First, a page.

Daily Archives: March 13, 2012

Afghanistan shootings: diplomats in Kabul are already discussing a doomsday scenario

A US soldier outside a military base in Panjwai, Kandahar province (Photo: AP)

Telegraph | Mar 12, 2012

By Rob Crilly World

There is never a good time for an American serviceman to go on a shooting spree in Kandahar, methodically murdering 16 Afghan men, women and children – some in their beds. But coming soon after a wave of anger engulfed Afghanistan at the burning of Korans, and as American officials negotiate the departure of troops in 2014, it is difficult to imagine a worse time.

So much for an exit strategy based on building trust between Afghan security forces and their mentors.

Hamid Karzai has condemned the attack. And the Taliban has promised revenge against “American savages”, showing rather more concern for the civilians killed by American weapons than by their own indiscriminate explosive devices.

For its part, the Afghan parliament has demanded that the unnamed soldier face local justice.

“We seriously demand and expect that the government of the United States punish the culprits and try them in a public trial before the people of Afghanistan,” the lower house of parliament said in statement.

In Iraq it was exactly this issue that led to the end of American forces there. Washington wanted to keep at least 3000 troops in the country, but President Barack Obama was dealt a humiliating diplomatic blow by Nouri al-Maliki, who refused to grant them legal immunity.

That lesson will not be lost on US officials, who have spent more than a year negotiating a deal with Afghanistan. Already there are fears that the long-term presence of American advisers and special forces could be one of the most significant casualties of the latest crisis. AFP reports:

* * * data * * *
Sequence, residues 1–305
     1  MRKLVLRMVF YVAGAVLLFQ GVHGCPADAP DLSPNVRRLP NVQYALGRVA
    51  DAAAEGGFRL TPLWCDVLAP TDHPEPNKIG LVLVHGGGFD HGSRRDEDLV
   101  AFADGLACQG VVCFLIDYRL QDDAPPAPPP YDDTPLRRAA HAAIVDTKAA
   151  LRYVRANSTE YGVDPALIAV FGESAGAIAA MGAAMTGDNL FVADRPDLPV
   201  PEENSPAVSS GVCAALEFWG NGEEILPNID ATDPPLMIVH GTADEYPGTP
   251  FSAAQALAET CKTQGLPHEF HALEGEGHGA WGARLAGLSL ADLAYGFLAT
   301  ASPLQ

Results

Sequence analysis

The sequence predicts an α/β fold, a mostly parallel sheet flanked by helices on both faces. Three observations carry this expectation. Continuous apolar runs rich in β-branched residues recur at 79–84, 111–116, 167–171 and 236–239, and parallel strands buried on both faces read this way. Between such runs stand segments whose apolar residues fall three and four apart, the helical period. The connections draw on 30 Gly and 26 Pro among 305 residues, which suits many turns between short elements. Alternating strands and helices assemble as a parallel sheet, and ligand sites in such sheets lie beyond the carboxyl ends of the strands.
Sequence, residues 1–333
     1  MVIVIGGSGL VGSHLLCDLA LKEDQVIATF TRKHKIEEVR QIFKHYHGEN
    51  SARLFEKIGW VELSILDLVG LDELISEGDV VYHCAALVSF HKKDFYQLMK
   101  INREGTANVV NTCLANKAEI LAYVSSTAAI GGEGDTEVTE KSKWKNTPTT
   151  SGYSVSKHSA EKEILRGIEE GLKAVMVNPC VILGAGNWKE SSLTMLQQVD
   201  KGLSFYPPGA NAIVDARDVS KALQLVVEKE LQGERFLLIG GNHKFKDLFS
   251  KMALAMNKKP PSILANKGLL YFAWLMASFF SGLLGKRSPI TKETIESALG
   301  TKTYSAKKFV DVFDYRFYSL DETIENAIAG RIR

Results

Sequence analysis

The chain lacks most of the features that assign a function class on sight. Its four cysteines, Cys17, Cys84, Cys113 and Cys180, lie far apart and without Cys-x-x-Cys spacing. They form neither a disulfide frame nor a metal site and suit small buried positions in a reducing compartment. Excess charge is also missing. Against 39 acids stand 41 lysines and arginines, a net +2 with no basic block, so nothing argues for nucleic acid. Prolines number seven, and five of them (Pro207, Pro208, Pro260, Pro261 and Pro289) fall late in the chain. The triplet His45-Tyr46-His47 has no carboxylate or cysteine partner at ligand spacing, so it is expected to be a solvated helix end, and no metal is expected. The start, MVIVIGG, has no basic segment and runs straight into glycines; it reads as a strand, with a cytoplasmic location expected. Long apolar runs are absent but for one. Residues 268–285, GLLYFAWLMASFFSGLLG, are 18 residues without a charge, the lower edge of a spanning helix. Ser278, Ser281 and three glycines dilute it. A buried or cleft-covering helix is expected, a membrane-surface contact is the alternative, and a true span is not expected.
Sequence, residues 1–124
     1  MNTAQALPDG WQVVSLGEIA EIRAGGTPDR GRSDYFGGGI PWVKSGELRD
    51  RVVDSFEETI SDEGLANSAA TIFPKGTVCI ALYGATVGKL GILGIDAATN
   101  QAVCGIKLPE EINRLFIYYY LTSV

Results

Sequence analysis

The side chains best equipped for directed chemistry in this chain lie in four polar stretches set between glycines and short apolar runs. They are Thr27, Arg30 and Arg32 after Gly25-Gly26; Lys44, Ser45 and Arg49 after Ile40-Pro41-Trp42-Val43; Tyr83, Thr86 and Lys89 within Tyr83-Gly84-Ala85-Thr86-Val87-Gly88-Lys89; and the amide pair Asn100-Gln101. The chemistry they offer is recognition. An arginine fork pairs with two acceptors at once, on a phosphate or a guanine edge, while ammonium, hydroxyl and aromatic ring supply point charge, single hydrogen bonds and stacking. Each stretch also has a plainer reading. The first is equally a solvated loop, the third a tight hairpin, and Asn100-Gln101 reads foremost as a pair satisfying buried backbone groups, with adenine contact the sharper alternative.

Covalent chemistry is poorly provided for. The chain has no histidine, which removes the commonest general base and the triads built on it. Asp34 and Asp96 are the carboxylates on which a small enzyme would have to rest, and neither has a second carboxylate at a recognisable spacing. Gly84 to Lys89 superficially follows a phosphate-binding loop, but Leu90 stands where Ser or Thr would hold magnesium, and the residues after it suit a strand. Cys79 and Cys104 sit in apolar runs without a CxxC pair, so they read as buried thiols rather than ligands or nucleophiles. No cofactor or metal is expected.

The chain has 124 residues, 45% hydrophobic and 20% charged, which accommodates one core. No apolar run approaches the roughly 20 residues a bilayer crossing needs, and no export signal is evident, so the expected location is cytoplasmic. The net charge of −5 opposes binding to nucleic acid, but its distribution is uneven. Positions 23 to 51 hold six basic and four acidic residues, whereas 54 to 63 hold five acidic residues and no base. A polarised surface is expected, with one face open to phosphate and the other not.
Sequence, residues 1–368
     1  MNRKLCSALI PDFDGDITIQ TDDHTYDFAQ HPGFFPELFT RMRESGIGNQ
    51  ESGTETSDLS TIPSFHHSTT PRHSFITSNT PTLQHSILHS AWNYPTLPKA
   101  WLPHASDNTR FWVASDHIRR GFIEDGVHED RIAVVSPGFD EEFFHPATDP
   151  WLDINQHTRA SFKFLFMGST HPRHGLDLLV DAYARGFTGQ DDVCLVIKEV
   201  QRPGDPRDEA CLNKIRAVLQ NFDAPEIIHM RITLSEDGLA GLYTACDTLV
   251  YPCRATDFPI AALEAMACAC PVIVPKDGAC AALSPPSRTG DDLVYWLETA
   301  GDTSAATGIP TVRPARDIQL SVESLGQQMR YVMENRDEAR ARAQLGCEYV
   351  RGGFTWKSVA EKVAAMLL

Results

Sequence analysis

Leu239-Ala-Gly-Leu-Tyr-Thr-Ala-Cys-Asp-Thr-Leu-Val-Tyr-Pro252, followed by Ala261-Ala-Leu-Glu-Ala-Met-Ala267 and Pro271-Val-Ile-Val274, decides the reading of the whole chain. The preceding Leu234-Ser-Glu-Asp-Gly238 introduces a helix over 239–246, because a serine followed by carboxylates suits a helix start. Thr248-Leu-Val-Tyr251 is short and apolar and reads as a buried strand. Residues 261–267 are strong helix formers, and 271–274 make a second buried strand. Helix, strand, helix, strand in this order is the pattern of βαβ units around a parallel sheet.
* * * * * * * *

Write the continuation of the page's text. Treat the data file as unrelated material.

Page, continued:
“The killings in Kandahar cast a long shadow over negotiations on a strategic partnership deal and certainly give greater leverage to Karzai,” Candace Rondeaux of the International Crisis Group told AFP.

“The question of immunity for US troops remaining in the country after the end of combat operations in 2014 will come to the forefront.”

The doomsday scenario – already being discussed among diplomats in Kabul – is that President Hamid Karzai refuses to allow the advisers to stay on. Without their support, ill-trained and poorly motivated Afghan forces would struggle to maintain even a limited amount of security.

After more than a decade of British, American and international casualties, Afghanistan would be plunged right back into civil war.

So far, though, that remains the worst-case scenario. Karzai is a weak president who knows how much he needs American support to keep him in power – and alive. He is unlikely to push for a hasty exit. And so far there has been thankfully little anger on the streets, just like previous crises when public fury failed to live up to the hype of media commentators.

This is not the make or break moment in Afghanistan. The danger is that it will be turned into one by American politicians wondering whether it is time to speed up the withdrawal.

Judge: Lawsuit over LAPD traffic ticket quotas may move forward

Daily News | Mar 8, 2012

LOS ANGELES – A judge said today she is inclined to allow 10 Los Angeles Police Department motorcycle officers to move forward with their lawsuit alleging that their supervisors retaliated against them for not complying with traffic ticket quotas.

Los Angeles Superior Court Judge Ramona See issued a tentative ruling rejecting arguments by lawyers for the city that the officers had not provided enough details to move forward with their allegations of retaliation and breach-of-contract.

See said she would notify lawyers of her final ruling by mail.